A Bloomberg News author titled his recent article: Tipping point: U.S. crosses mass-adoption threshold for EVs of 5% of new car sales and went on noting; “Most successful new technologies — electricity, televisions, mobile phones, the internet, even LED lightbulbs — follow an S-shaped adoption curve. Sales move at a crawl in the early-adopter phase, then surprisingly quickly once things go mainstream.” The author’s prior sentence strongly suggested electric vehicles (EV) are a new technology but had the author bothered to simply Google search, “when was the first electric car invented” he would have discovered the date was around 1832 or about 190 years ago. There was no mention in the article about government grants handed out to EV purchasers for the cars or charging stations. The author obviously felt it was simply the “new technology” those buyers were endorsing to create that “S-shaped adoption curve” and not the taxpayer dollars supporting their sales. Blinkers were fully on!
Another article from last week in the FP suggested EV sales in Canada in the first quarter of 2022 accounted for 8.2 % of new vehicle registrations and had the following chart to demonstrate that!
What the foregoing article didn’t say was all light vehicle sales in Canada in the first quarter of 2021 had dropped by 12.3% to only 337,039 according to Automotive News meaning EV sales were about 27,600.
Cost to Taxpayer
The chart indicates the bulk of those sales were in the two provinces who provide grants BC (up to $3K) and Quebec (up to $7K) to EV purchasers. Most provinces also provide grants for home charging stations. In Ontario taxpayers have also joined with the Federal Government’s taxpayers providing Ford, GM and the Chrysler and Dodge factories in Brampton and Windsor collectively with over $2 billion in grants to manufacture EV in the province.
Another interesting and related issue was a video interview on June 29, 2022 by Financial Post’s Larysa Harapyn of Brian Kingston of the Canadian Vehicle Manufacturers Association in which he stated Canada would need 1.6 million public charges for the EV transition. Ontario has already provided funding for a number of charging stations as well as offering municipalities grants to assist them where and when needed but so far it’s only (term used lightly) $91 million. It is hard to determine the individual costs of those 1.6 million charging stations but looking at British Columbia the province is offering funding starting at “$20,000 per <50 kW DCFC installation, and ranges up to $80,000 per >100 kW charge port. These rebates can cover up to 50% of total project costs, including purchasing, planning, and installation costs.” What that suggests is at the low end (assuming the price is similar in all provinces) those 1.6 million charging stations may cost taxpayers well over $32 billion dollars. Totally mind blowing!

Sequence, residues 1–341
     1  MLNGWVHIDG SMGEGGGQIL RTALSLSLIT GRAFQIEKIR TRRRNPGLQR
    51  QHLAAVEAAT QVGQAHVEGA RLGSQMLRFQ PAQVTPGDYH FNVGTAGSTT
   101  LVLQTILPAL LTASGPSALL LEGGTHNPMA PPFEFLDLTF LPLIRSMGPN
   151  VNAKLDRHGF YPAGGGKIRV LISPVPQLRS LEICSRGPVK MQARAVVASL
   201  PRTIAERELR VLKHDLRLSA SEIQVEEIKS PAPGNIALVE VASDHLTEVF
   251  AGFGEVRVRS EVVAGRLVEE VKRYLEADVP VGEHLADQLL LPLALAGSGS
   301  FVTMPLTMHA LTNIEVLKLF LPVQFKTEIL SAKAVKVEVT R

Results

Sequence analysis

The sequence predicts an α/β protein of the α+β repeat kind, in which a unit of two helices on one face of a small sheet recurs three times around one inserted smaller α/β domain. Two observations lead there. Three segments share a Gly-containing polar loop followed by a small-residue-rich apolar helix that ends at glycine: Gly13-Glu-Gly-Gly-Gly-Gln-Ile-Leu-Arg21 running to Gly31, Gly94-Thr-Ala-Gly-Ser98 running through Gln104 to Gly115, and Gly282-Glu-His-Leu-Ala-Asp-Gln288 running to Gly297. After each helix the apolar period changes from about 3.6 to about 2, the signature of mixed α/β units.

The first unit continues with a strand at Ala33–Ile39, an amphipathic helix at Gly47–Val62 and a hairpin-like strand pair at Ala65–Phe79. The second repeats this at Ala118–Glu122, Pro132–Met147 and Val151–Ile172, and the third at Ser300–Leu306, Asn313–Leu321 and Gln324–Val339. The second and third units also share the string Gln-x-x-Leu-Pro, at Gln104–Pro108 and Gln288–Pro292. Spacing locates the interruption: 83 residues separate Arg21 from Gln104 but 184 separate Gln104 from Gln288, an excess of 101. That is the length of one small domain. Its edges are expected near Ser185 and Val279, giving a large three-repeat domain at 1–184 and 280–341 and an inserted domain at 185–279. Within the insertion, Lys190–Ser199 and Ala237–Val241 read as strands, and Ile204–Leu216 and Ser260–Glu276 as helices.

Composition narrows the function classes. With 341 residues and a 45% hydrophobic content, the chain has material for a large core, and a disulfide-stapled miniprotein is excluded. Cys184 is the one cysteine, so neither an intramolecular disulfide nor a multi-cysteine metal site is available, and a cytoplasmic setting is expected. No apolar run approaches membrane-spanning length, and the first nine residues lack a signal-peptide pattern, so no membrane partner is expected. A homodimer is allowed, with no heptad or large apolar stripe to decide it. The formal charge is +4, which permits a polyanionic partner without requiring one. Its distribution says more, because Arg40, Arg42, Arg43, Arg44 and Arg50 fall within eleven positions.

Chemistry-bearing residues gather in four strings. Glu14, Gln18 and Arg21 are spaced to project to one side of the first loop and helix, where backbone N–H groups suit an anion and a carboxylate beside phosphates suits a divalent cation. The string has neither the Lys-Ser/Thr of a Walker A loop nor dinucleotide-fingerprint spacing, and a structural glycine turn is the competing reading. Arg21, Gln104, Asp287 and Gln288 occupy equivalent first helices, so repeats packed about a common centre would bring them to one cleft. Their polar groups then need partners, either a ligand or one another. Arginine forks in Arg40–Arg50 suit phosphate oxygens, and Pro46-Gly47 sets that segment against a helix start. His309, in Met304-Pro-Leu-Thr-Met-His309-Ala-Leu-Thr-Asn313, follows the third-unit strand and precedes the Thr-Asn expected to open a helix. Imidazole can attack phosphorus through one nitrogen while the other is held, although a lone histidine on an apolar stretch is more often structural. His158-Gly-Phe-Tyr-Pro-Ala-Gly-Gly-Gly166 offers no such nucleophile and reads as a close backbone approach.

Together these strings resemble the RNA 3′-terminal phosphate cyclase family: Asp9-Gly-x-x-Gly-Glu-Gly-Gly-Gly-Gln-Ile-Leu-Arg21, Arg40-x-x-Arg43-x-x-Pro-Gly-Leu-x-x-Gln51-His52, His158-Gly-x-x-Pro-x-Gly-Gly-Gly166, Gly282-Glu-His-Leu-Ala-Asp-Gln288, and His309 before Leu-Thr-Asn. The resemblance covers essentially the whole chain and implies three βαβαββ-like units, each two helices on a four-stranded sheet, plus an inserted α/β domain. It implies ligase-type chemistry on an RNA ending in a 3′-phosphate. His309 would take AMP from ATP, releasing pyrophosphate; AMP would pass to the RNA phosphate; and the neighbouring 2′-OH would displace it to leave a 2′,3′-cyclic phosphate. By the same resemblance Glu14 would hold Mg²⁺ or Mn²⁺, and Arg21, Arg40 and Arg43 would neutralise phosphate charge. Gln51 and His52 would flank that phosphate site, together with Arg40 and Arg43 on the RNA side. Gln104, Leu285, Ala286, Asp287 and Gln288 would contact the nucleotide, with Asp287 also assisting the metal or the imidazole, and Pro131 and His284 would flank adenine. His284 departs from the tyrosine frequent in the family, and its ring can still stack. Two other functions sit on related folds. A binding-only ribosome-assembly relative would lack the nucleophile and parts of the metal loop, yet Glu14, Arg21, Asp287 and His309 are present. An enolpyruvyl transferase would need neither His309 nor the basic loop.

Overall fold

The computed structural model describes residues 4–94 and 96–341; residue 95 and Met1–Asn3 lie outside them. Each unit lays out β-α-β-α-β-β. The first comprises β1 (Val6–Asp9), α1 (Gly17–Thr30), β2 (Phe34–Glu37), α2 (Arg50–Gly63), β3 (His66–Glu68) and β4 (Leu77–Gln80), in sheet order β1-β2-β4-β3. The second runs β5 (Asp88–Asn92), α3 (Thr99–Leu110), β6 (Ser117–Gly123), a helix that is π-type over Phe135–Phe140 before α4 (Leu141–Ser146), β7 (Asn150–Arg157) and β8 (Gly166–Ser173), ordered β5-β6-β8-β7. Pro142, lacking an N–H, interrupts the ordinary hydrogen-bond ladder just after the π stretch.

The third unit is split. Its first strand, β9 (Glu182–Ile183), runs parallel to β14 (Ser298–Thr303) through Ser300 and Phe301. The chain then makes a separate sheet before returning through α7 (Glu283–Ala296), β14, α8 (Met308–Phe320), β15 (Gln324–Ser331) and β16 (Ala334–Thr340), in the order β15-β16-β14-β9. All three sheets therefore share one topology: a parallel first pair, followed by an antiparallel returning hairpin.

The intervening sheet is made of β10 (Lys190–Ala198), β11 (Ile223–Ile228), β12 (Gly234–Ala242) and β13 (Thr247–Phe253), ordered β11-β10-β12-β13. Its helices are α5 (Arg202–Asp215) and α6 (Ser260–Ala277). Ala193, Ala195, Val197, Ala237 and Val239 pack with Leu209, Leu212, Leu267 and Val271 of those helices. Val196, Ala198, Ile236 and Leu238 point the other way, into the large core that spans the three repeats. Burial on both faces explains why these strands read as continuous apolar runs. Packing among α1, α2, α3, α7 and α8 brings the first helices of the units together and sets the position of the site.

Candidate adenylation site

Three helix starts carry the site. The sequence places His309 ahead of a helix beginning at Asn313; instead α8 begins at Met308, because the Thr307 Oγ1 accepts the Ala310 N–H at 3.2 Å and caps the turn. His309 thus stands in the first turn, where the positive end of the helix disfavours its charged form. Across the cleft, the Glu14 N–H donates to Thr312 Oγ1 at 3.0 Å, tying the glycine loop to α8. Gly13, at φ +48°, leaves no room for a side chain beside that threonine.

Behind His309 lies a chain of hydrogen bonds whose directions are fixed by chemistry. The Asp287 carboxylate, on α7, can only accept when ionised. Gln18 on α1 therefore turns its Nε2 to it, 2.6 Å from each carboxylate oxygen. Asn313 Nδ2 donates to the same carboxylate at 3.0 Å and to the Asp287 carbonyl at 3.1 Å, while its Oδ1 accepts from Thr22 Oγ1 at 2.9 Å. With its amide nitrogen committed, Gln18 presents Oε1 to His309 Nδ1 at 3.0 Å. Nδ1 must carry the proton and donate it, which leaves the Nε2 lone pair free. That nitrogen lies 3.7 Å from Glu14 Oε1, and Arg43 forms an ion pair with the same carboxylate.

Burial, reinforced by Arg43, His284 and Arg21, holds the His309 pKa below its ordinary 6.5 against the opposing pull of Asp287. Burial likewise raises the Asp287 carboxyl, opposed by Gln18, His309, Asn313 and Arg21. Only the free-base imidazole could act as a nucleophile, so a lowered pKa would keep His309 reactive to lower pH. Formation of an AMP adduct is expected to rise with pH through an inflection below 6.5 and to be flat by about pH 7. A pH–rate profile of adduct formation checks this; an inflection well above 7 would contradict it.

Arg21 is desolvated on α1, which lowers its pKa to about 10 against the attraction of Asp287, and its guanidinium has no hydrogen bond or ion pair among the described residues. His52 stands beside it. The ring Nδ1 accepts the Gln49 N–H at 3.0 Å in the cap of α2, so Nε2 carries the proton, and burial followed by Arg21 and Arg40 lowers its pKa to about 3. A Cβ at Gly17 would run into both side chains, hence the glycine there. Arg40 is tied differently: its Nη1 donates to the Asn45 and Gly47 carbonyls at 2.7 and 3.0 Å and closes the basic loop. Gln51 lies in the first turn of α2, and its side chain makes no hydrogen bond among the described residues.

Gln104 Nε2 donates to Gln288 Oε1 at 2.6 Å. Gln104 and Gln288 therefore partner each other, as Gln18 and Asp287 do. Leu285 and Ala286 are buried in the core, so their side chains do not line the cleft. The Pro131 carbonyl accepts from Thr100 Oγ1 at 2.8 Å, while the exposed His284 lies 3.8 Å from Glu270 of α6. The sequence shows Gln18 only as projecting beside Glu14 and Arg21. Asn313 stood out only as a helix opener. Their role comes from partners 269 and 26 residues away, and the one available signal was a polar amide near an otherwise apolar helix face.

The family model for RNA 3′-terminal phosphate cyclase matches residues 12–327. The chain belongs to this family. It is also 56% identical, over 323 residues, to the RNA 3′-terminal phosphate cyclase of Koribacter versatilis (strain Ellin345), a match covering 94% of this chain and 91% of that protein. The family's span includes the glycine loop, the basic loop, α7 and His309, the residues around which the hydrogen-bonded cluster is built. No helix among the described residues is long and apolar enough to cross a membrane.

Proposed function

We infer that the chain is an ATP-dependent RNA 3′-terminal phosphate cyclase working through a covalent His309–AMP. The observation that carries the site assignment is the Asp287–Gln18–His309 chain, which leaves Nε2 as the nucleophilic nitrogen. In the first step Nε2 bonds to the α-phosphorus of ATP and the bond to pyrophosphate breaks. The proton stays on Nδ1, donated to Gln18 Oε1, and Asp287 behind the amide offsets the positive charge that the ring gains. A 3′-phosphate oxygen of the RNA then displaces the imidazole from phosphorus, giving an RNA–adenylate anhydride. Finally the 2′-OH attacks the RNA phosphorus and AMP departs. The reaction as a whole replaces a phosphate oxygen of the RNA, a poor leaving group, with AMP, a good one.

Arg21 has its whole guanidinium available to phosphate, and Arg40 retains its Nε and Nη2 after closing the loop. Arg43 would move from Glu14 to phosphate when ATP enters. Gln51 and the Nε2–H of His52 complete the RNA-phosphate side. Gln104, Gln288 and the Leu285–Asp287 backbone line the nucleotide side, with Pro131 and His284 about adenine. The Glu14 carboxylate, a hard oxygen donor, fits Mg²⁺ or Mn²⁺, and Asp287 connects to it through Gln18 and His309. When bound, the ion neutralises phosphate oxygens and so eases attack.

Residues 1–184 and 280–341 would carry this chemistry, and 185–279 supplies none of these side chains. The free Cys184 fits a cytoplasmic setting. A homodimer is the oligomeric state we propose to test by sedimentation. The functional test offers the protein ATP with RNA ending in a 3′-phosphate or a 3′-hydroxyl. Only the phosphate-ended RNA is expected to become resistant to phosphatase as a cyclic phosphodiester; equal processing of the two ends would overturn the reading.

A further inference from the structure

As if to underscore the uneconomical attributes associated with EV, another recent announcement by the Ontario Provincial Government and the Federal Government suggests the taxpayers of Ontario and the rest of Canada are a bottomless pit of funding. The Press Release was headlined: “Umicore to build industrial scale battery materials manufacturing plant in Loyalist Township, first of its kind in North America” and stated: “Umicore plans to make a $1.5 billion investment to build a first of its kind industrial scale cathode and precursor materials manufacturing plant, in eastern Ontario.” The release naturally rambles on about the benefits and only casually mentions what Mathias Miedreich, CEO of Umicore is quoted stating: “Moreover, we are most grateful to the Canadian and Ontario governments for their support and for their readiness to co-fund this planned project. The facility will help Canada and Umicore in their shared objective of achieving a carbon-neutral battery supply chain.” There is no mention of what the Canadian and Ontario taxpayers will be contributing but we should expect it will be at least a few hundred million.
Our Federal and Provincial Governments are both onside with their concept of satisfying the Canadian COP-26 commitments to eliminate fossil fuel use to achieve their net-zero targets. On the other hand, they seem immune to the fact many of the tax dollars they are using come from the Canadian oil and natural gas sector and taxes applied to us users of oil and gas. Their unprecedented spending and debt creation simply amlifies the negative effect on our economy causing energy poverty and job losses!
Stay tuned for Part 2 in this short series as we explore some of the issues that may make all of the spending highlighted above simply a waste of our tax dollars.
The bad news could well be: Canezuela is just around the corner!